Keep the PI in the loop.

Surveillance is a key aspect of private investigation work.

Clients may request surveillance when they know their target subject will be difficult to capture through traditional methods of service of process alone. Or they may want to gain more insight on an individual or a location. At the end of the day, the client wants to build a case, so private investigators step in to help make this happen.

Here, you can learn more about the different instances that sometimes require private investigation. Surveillance can be used in all types of cases and usually requires extensive work by the private investigator, meaning hours of observation. However, the investigator can only work with what the client provides. This means the client must allot a certain number of hours to get the job done and must give as detailed of a description as possible of the subject, for instance, so the investigator knows what, or who, to look for. Other details include the model and make of the subject’s vehicle(s) and daily routines.

This page gives a nice and brief overview of how a PI moves. A reasonable number of hours are needed as surveillance requires the investigator to sit for hours on end and do nothing but watch for activity, which, sometimes, doesn’t even happen.

The client pays for the type of surveillance that will get done. In other words, you get what you pay for. If the client only chooses to pay for an hour of surveillance, chances are, he or she won’t reap much. But if at least four or five hours are on the table, for instance, the probability of obtaining something valuable would be much higher.

Just as with service of process, the client must put himself or herself in the private investigator’s shoes. The client should ask him- or herself questions such as:

  • What time of day should this be done?
  • What does John Doe’s typical schedule look like?
  • What does John Doe look like?
  • What are we trying to prove?

Most importantly, it should be remembered that the PI and the client are working together as a team. That’s what matters and is what helps to make the job successful. ♦



When you set up a surveillance, make sure you give your operator all of the information he’s gonna need, especially how many hours you’re gonna give him. Don’t shortchange yourself. Don’t think you’re gonna find somebody and follow them and give the guy eight hours to do it when it’s a very important, high-profile, high-dollar case. Don’t do that, because you’re not gonna get anything; you’re gonna waste your money.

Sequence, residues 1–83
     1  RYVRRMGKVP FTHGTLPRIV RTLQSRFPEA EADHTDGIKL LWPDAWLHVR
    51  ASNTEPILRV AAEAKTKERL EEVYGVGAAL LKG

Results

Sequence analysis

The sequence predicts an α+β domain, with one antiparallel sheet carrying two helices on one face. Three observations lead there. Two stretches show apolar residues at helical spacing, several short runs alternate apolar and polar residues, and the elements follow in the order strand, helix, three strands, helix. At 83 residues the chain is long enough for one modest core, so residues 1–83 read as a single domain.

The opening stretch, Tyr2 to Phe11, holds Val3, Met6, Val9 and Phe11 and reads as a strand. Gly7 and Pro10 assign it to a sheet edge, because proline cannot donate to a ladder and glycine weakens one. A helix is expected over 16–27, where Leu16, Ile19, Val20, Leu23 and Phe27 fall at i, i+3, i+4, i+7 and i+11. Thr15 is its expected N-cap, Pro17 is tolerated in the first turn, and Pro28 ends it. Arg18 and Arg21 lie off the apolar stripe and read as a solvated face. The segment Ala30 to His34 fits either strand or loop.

So, it’s up to you, as paralegals, to convince your clients that, “Hey, you want the goods. Expect to spend some money.”

Most investigators do surveillance charge about $100 an hour, some a little more, some a little less. But it’s about an average of $100 an hour. Give them a dollar figure. You’ve got $3,000 to work with. I could videotape anybody anywhere in any position you want, okay, in 30 hours. Don’t say, “I need it done this morning,” and you’ve got four hours, because you barely get enough time to drive there in four hours in some of these things.

So, make sure that you have down the hours that the investigator can work and give them all the information possible, especially if you have pictures.

You don’t wanna do what I did once when I was doing a job. I was given an address, given a car, given a tag number, and I was told it was a Hispanic female. Period. I went there. I set up across the street. Hispanic female comes out of the house, gets to the same car, and she starts washing the car. Now, I got 45 minutes of a person washing a car, bending over, kneeling down, laying on a thing scrubbing things, every position you could possibly think of, and I’m thinking, “I got her solid.”

I come back. I present the tape to the attorney. He looks at it. He says, “That’s not her.” I said, “She’s Hispanic, female, this house, this address, this car.” He said, “Oh, no. The person we’re looking for is 280 pounds.”

Well, why didn’t you tell me this? This girl was a little 100-pound nothing. If we had that information, we wouldn’t have wasted the time, we wouldn’t have wasted the video. Okay? So, make sure you give all the information that you’ve got because the tiniest little detail can be the difference between a good surveillance and a bad surveillance.

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